In biology, conserved sequences are similar or identical sequences that occur within nucleic acid sequences (such as RNA and DNA sequences), protein sequences, protein structures or polymeric carbohydrates across species (orthologous sequences) or within different molecules produced by the same organism (paralogous sequences). In the case of cross species conservation, this indicates that a particular sequence may have been maintained by evolution despite speciation. The further back up the phylogenetic tree a particular conserved sequence may occur the more highly conserved it is said to be. Since sequence information is normally transmitted from parents to progeny by genes, a conserved sequence implies that there is a conserved gene.
Conserved nucleic acid sequences 
Highly conserved DNA sequences are thought to have functional value. The role for many of these highly conserved non-coding DNA sequences is not understood. One recent study that eliminated four highly-conserved non-coding DNA sequences in mice yielded viable mice with no significant phenotypic differences; the authors described their findings as "unexpected".
Many regions of the DNA, including highly conserved DNA sequences, consist of repeated sequence (DNA) elements. One possible explanation of the null hypothesis above is that removal of only one or a subset of a repeated sequence could theoretically preserve phenotypic functioning on the assumption that one such sequence is sufficient and the repetitions are superfluous to essential life processes; it was not specified in the paper whether the eliminated sequences were repeated sequences.
Conserved protein sequences and structures 
Highly conserved proteins are often required for basic cellular function, stability or reproduction. Conservation of protein sequences is indicated by the presence of identical amino acid residues at analogous parts of proteins. Conservation of protein structures is indicated by the presence of functionally equivalent, though not necessarily identical, amino acid residues and structures between analogous parts of proteins.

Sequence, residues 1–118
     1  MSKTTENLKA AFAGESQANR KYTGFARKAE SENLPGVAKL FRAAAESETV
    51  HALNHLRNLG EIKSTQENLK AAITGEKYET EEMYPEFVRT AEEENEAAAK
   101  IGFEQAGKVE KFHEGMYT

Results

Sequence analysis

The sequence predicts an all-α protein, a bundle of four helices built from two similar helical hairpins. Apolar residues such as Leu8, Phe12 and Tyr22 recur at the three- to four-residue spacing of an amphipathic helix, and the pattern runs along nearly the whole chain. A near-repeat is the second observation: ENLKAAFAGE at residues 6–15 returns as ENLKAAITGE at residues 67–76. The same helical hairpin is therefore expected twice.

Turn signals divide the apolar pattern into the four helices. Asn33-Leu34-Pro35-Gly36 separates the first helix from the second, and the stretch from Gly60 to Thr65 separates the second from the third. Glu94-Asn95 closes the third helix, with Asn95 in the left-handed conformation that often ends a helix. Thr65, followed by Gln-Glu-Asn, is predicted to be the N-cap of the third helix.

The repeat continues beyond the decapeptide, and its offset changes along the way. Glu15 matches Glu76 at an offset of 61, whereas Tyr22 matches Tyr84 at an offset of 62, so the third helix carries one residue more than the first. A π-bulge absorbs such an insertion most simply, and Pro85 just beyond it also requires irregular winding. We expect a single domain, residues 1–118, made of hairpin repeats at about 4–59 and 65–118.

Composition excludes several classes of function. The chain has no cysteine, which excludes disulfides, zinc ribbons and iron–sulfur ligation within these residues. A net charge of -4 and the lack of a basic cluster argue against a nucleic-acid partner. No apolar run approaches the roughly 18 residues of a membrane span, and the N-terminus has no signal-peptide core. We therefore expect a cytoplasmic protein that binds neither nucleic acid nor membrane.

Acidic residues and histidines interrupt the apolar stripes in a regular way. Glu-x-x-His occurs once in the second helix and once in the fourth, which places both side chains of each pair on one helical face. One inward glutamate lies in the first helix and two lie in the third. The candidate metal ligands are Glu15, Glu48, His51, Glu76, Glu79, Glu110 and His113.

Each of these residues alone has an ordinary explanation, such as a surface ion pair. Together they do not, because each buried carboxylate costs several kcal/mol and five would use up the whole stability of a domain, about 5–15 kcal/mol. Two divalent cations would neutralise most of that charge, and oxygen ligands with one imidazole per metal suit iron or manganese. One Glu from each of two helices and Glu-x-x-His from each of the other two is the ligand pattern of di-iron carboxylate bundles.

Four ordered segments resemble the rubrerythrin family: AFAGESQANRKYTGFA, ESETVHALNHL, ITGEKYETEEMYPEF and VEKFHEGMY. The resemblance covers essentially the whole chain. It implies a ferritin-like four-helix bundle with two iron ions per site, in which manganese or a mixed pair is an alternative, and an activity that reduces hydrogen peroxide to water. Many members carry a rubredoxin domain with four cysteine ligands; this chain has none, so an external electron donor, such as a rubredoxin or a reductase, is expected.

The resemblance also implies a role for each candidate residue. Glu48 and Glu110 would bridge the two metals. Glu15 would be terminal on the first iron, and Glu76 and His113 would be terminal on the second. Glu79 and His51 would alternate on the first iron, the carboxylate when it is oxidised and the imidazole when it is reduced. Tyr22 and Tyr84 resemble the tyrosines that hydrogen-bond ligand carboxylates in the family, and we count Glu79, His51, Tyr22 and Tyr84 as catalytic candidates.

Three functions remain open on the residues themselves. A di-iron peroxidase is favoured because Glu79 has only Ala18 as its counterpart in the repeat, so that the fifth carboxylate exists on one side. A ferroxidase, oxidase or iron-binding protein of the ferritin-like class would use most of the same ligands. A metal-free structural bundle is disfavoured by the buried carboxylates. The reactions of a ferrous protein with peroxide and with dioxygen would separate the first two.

Shown below is an amino acid sequence alignment between two human zinc finger proteins, with GenBank accession numbers AAB24882 and AAB24881. Alignment was carried out using the clustalw sequence alignment program. Conserved amino acid sequences are marked by strings of on the third line of the sequence alignment. As can be seen from this alignment, these two proteins contain a number of conserved amino acid sequences (represented by identical letters aligned between the two sequences).
Conserved polymeric carbohydrate sequences 
Biological role of sequence conservation 
Sequence similarities serve as evidence for structural and functional conservation, as well as of evolutionary relationships between the sequences. Consequently, comparative analysis is the primary means by which functional elements are identified.
Conserved non-coding sequences often harbor cis-regulatory elements which constrain evolution. Some deletions of highly conserved sequences in humans (hCONDELs) and other organisms have been suggested to be a potential cause of the anatomical and behavioral differences between humans and other mammals.
See also 
- Ahituv N, Zhu Y, Visel A, et al. (2007). "Deletion of ultraconserved elements yields viable mice". PLoS Biol. 5 (9): e234. doi:10.1371/journal.pbio.0050234. PMC 1964772. PMID 17803355.
- McLean, Cory Y.; et al. (10 March 2011). "Human-specific loss of regulatory DNA and the evolution of human-specific traits". Nature 471 (7337): 216–219. doi:10.1038/nature09774. PMC 3071156. PMID 21390129.
- Gross, Liza (September 2007). "Are "Ultraconserved" Genetic Elements Really Indispensable?". PLOS Biology 5 (9): e253. doi:10.1371/journal.pbio.0050253. PMC 1964769. PMID 20076686.